kylepsmith’s review published on Letterboxd:
I had seen this once before in such a weird situation I feel it is worth sharing despite the name-drop [the whole thing was so anonymous and crowded that it feels okay]: it was at Shane Black’s home during an Emmys party in 2010. The circumstances of why I was there boil down to a friend of a friend of a friend saying we were invited and then walking in and someone saying “Everyone’s upstairs watching THE ROOM!” That was it!
Anyway, that screening was in a mansion built by the wealth of someone who had mastered the business - Black’s early screenplays are famous for their structure but also for *how* they were written, with sexy asides and appeals to the reader - and THE ROOM was being screened with the “RiffTrax” enabled; meaning an additional audio track led by MST3K replacement host Mike Nelson (I liked Mike in my MST3K days!) mocking the film as it played. This was an audience in full mock-mode, something I grew out of when I was about 15 years old - revelling in badness gets boring quickly. And in the house that built LETHAL WEAPON the condescension could not have been higher: Here, We Make Films; There, They Make…THE ROOM. And advertise it on La Brea going north. I found this whole thing really discomfiting.
It’s funny how quickly I’ve rearranged what THE ROOM means to me since then, even before this rewatching. What is a good movie, anyway? THE ROOM is certainly not “good” in its easy-to-fault production shortcomings; in the writing; in the stilted direction; mostly in the *HOW DID THIS COST SIX MILLION DOLLARS* way. But it is impossible to watch THE ROOM and not feel a voice of some sort exerting itself. I’m not sure that is due to Tommy Wiseau’s direction of the film but more in the committed performances of everyone in the film - starting with Juliette Danielle, the only interesting character in this supposed showpiece for Wiseau and Greg Sestero, but extending to several of the less vain actor/character who make a sincere effort to engage with Wiseau’s nonsense. I find most of this somewhat heartwarming, like Philip Haldiman (“Denny”) who Wiseau clearly “directed” to walk onto set multiple times with no motivation and act engaged and vaguely human-like against all odds. I think this is lost on people who laugh at the movie: truly “bad” movies feature people who don’t do this well, dropping the veil of reality completely. THE ROOM persists because actors like Philip Haldiman kept shrugging off-camera before a take, say to themselves “alright, here we go!” and going for it.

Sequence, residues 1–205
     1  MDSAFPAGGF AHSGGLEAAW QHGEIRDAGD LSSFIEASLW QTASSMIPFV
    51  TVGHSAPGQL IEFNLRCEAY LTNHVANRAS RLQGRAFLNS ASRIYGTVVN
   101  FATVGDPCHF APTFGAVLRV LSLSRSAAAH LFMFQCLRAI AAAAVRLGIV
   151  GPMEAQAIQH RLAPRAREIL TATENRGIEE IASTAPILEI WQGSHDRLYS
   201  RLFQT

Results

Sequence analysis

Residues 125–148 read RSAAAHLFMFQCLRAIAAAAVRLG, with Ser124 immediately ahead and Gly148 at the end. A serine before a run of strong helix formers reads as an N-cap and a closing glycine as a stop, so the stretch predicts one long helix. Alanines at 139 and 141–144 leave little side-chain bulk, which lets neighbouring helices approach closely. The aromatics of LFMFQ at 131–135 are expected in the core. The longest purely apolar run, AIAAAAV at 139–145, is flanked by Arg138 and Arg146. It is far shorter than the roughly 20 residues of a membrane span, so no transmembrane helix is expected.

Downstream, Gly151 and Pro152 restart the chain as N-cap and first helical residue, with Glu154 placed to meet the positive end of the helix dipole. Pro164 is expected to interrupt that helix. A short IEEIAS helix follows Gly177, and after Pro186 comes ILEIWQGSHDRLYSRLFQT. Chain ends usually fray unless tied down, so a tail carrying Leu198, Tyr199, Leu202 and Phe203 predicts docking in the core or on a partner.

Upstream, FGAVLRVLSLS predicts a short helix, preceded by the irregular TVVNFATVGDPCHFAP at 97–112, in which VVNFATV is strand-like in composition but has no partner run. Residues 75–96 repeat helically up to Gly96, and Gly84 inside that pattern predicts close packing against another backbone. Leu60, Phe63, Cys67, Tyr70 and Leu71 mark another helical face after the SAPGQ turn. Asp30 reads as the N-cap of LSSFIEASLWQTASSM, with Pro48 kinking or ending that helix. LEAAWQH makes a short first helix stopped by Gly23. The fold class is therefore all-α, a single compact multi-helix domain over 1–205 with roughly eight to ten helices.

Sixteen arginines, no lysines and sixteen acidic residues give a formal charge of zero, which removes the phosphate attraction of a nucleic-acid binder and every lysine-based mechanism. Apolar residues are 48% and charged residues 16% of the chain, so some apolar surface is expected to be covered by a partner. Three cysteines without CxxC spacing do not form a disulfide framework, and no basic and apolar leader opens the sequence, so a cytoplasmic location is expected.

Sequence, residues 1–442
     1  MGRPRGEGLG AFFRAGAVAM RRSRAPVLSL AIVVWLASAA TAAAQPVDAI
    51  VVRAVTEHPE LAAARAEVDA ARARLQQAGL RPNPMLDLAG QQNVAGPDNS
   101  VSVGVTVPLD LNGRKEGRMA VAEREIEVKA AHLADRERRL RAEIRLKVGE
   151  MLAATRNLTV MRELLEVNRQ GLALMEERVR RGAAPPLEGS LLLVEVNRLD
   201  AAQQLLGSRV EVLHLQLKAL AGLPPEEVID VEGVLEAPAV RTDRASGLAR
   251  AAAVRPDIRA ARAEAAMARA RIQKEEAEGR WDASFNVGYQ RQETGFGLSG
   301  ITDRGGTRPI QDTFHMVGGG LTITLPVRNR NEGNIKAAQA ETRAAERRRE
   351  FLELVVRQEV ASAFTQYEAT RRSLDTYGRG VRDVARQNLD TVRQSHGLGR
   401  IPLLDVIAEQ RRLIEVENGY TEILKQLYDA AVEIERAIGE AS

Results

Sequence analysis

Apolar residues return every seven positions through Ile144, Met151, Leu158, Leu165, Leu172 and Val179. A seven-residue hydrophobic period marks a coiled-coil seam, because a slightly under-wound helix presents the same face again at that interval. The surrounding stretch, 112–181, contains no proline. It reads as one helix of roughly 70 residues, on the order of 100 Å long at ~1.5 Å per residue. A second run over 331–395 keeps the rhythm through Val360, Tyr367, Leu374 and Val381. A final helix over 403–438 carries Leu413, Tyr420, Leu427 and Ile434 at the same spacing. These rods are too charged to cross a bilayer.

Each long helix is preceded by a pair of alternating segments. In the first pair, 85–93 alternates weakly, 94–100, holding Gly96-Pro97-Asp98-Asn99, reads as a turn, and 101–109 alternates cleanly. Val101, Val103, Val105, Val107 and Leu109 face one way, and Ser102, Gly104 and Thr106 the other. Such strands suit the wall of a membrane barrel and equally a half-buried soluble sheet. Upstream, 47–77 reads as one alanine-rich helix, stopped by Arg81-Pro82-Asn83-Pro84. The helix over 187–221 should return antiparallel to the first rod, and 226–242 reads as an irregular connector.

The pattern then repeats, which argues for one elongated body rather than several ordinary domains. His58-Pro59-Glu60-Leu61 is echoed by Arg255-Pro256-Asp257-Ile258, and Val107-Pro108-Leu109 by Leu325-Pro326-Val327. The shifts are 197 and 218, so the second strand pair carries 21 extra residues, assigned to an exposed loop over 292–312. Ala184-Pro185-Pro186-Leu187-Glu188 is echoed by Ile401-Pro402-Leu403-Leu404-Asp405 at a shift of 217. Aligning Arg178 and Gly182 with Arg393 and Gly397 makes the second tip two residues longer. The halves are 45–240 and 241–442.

This may be due to some unseen off-set desperation. I’ve yet to see THE DISASTER ARTIST, but I’ve lived in Los Angeles long enough to know plenty of actors who say “fuck it, I’m going to make my OWN film!” as if they were the star and not the story. That’s not a typical path to success for a storyteller!! This city is famously FULL of dreamers from points east hoping to walk into a room and book that part! We can call this the LA LA LAND mythology. Statistically, almost none of them achieve the dream of getting famous like Emma Stone (IRL); but a lot of them give it a real shot. The work I’ve seen from such actors and filmmakers - from Kickstarter pitch videos to short films and so on - is that Los Angeles (not “Hollywood”) churns out 95% unwatchable stuff because it is really, really, really hard to make a good movie. And we don’t need to celebrate their badness, but it isn’t a lot of fun to shit on it either. Watching THE ROOM reminded me that there is something special about it, something magnetic that kept it from obscurity. I hope DISASTER ARTIST can confirm this…or at least be a little more fun to watch.